Financial services companies would continue to make loans—and make money on the deals—if Congress decides to place a 36% interest rate cap on short-term loans, Richard Williams, president/CEO of the Essential Credit Union told a Senate committee Wednesday.
The House Financial Services Committee on Wednesday approved legislation which would require federal financial regulators to develop a strategic plan to encourage the chartering of new credit unions and banks. The panel approved H.R 4590 by voice vote. The bill, sponsored by Rep. Jake Auchincloss, D-Mass., would require the regulators to conduct an 18-month study examining the challenges that newly chartered credit unions and banks face. Following that study, the regulators would be required to develop a strategic plan to promote creation of new financial institutions, particularly minority depository institutions and community development financial institutions. In a memo prepared for
Credit union and banking trade groups are asking Congress to ignore proposals to impose a 36% fee and interest cap on loans made by financial institutions.
“The proposed 36% fee and interest cap would make it more difficult for many consumers to obtain credit, thereby harming the very consumers the legislation seeks to protect. Congress should reject these legislative measures,” the groups, including the Credit Union National Association, the National Association of Federally-Insured Credit Unions, the American Bankers Association and the Independent Community Bankers of America, wrote, in a letter to the Senate Banking Committee.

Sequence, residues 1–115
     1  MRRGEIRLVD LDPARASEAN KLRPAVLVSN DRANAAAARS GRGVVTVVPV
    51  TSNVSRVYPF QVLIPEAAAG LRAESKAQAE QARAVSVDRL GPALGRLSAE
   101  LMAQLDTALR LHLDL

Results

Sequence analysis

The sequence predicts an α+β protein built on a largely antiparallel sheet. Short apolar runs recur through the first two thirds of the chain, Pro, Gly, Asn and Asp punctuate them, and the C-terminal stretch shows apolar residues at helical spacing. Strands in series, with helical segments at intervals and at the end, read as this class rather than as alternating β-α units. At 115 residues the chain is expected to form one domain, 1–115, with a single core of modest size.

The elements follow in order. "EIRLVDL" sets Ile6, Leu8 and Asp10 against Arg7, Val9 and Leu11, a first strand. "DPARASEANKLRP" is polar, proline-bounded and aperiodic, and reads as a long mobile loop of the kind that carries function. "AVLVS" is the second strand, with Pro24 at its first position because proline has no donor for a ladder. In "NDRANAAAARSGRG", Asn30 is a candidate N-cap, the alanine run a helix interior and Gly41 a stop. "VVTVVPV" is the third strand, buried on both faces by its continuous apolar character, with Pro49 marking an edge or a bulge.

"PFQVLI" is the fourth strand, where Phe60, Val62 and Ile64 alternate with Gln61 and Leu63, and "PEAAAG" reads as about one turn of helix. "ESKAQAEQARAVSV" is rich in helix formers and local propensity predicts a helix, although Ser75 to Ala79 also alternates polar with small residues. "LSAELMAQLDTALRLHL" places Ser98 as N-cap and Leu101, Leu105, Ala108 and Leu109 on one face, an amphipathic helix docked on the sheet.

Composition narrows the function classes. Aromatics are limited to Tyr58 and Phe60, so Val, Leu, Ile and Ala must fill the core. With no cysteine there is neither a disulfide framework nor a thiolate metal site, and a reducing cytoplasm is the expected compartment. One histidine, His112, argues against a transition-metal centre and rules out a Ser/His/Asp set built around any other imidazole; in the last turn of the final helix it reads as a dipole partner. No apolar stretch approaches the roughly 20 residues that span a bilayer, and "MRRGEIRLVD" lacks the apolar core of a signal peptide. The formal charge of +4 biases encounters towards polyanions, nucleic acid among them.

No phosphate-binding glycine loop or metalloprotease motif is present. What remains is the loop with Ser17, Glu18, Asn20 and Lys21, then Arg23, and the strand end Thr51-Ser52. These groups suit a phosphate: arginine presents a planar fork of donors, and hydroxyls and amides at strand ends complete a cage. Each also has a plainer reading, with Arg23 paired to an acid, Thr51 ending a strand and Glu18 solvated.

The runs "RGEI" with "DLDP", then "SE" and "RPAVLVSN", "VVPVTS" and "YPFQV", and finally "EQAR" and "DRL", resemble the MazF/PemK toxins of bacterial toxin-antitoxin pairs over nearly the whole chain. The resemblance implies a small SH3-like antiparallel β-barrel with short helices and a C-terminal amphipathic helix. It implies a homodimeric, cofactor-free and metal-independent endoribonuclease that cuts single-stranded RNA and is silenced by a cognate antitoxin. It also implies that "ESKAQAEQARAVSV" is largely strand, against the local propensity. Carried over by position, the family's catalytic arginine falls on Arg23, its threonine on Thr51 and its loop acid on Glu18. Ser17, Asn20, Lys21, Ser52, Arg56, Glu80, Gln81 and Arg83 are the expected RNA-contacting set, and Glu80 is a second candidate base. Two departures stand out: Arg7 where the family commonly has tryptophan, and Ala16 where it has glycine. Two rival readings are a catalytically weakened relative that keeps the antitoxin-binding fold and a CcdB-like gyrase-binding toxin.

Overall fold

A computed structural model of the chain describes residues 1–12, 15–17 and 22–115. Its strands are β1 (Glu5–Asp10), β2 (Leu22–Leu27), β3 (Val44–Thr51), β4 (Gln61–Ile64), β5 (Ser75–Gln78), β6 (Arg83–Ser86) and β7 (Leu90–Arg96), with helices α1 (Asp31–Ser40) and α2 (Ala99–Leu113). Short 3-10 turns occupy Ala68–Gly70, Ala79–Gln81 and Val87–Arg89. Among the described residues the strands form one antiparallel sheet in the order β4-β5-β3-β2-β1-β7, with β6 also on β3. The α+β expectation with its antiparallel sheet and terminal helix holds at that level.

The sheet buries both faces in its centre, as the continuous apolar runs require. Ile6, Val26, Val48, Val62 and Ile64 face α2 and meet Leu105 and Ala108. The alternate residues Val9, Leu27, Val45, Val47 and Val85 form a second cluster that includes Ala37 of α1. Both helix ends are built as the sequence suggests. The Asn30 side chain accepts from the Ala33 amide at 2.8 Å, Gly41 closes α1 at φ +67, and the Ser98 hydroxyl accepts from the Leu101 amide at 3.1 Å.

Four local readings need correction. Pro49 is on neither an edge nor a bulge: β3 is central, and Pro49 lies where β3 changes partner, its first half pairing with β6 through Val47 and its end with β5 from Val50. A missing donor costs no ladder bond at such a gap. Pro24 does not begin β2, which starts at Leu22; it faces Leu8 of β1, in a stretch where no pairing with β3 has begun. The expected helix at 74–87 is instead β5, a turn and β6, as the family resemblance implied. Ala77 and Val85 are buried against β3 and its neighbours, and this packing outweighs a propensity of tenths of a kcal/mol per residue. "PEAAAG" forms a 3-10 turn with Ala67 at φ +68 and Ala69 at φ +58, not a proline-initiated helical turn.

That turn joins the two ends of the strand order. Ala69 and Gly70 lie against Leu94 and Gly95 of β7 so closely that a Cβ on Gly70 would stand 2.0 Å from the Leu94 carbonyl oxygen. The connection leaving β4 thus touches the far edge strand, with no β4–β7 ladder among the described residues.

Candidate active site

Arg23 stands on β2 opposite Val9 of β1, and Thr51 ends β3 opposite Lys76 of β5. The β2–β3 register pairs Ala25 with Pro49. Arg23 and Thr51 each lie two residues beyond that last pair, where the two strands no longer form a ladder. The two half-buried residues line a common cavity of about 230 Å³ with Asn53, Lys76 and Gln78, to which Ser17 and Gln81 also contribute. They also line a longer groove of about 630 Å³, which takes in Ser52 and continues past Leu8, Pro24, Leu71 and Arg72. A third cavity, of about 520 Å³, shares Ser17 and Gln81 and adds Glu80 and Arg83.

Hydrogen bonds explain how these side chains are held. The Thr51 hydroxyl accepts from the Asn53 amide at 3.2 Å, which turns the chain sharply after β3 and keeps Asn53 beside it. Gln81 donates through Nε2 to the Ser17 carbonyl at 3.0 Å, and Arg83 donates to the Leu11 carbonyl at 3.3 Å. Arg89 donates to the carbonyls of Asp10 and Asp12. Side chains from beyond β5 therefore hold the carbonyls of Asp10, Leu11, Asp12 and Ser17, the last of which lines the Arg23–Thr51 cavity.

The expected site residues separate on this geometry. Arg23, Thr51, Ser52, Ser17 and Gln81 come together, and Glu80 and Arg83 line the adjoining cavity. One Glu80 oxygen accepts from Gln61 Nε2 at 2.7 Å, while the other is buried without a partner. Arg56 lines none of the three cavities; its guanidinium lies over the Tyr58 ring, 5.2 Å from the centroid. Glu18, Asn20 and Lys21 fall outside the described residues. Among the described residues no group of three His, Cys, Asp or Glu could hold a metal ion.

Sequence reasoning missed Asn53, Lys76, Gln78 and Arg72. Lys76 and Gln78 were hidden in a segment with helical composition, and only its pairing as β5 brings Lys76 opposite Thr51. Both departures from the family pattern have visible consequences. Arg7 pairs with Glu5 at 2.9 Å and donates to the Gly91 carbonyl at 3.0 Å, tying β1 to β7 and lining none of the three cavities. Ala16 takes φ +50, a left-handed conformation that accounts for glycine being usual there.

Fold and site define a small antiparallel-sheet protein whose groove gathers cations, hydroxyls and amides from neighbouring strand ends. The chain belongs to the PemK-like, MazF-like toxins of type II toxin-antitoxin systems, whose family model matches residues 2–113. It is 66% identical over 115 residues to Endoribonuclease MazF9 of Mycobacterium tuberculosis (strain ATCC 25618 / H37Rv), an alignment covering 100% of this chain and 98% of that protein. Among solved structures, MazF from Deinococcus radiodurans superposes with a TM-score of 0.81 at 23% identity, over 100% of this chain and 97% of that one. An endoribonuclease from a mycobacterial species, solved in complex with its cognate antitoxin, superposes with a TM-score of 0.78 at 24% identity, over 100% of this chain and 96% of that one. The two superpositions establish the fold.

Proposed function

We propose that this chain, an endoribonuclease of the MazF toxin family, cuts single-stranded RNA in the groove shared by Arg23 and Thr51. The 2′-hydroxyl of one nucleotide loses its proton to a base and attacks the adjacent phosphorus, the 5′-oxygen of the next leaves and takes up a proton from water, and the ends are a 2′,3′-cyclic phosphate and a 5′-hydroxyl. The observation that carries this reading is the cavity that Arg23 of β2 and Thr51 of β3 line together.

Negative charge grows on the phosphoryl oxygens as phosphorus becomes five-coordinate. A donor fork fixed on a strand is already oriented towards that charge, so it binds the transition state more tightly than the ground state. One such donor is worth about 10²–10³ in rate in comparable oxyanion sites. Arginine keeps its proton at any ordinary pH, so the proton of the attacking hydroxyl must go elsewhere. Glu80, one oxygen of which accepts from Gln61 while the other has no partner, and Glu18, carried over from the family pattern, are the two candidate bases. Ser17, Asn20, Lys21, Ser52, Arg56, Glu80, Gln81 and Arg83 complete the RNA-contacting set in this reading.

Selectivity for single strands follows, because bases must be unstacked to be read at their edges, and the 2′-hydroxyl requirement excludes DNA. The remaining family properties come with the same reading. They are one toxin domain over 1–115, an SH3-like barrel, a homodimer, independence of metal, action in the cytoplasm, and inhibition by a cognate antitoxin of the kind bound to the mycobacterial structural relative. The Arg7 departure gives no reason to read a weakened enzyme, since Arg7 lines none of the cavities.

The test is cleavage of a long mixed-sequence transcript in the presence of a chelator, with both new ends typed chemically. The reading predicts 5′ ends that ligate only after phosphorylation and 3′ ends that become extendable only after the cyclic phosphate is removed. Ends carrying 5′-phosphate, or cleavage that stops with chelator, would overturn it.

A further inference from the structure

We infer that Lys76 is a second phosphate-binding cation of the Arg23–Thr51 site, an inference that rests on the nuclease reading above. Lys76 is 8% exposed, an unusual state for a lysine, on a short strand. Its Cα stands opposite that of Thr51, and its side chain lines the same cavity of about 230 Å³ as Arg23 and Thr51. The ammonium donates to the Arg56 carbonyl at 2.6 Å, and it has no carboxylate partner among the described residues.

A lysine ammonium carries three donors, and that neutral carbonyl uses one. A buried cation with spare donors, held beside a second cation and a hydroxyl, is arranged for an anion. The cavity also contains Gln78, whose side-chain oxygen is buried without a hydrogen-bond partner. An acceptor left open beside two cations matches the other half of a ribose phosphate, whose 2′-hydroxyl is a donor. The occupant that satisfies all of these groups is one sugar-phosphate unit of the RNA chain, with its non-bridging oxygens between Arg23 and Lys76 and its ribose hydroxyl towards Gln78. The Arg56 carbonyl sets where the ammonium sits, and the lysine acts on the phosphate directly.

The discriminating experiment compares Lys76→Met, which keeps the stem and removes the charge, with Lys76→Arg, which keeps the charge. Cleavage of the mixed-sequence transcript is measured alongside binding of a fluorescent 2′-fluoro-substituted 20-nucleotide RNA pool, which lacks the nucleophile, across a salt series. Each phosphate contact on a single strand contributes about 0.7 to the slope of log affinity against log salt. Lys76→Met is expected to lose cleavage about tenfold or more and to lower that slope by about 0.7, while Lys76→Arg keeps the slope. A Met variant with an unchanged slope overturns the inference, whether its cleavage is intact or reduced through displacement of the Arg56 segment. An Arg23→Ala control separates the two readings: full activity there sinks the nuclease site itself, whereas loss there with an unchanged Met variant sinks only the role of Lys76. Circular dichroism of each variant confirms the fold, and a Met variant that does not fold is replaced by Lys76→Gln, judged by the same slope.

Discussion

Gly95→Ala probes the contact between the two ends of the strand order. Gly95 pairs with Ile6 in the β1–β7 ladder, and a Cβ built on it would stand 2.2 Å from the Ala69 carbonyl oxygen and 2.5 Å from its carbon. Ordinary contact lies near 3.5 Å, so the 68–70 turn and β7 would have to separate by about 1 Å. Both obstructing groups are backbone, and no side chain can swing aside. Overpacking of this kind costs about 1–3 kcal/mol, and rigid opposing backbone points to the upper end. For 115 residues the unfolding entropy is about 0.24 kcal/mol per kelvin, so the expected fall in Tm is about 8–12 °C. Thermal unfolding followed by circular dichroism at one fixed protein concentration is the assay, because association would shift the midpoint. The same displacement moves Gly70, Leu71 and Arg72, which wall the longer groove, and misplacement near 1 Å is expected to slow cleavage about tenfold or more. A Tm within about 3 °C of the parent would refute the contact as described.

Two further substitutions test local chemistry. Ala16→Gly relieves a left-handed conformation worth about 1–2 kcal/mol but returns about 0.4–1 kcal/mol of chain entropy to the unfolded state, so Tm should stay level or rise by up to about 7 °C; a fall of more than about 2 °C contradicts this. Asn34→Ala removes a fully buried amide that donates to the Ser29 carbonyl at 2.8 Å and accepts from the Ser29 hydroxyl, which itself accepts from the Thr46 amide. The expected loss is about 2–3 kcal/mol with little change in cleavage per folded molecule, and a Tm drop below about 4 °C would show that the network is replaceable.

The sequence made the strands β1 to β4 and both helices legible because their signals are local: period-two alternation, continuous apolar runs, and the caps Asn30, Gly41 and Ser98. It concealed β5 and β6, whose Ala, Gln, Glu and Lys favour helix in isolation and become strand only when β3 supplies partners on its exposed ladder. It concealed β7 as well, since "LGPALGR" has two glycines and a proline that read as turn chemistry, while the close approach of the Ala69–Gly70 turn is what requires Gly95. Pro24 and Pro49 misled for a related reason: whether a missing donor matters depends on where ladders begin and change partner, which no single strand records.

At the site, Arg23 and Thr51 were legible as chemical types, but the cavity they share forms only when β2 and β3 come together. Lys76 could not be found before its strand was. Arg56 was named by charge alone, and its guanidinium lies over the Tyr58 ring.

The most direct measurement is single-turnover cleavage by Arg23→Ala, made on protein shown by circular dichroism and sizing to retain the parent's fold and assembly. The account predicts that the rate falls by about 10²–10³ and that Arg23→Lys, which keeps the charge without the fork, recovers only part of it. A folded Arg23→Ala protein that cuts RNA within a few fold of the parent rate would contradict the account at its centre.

A Republican effort to kill a postal banking pilot program contained in the House version of the FY22 Financial Services spending bill failed Monday.
The decision by the House Rules Committee not to allow Republicans to offer that amendment during floor debate of the measure all but guarantees that the $6 million pilot program will be in the House-passed version of the appropriations measure.
Credit trade groups are continuing to press the National Credit Union Administration to lower its Normal Operating Level to 1.30%–a request that so far has been denied.
The National Credit Union Administration board agreed Thursday to solicit comments on a proposed rule that would amend the agency’s capital adequacy regulation governing credit unions with assets over $500 million.
In another sign of division among the three National Credit Union Administration board members, the agency on Wednesday dropped the 2022-2026 Strategic Plan from the agenda for Thursday’s board meeting.
On July 13, when federal banking regulators issued proposed guidance governing financial institution monitoring of third-party service providers, one agency was notably absent: the National Credit Union Administration.
The National Credit Union Administration board will consider the agency’s 2022-2026 Strategic Plan at its July 22 meeting, but once again is steering clear of contentious issues that badly divided the board earlier this year.
The National Credit Union Administration on July 19 will begin allowing staff and contractors to work onsite at credit unions where pandemic conditions have moderated, agency board Chairman Todd Harper announced Wednesday.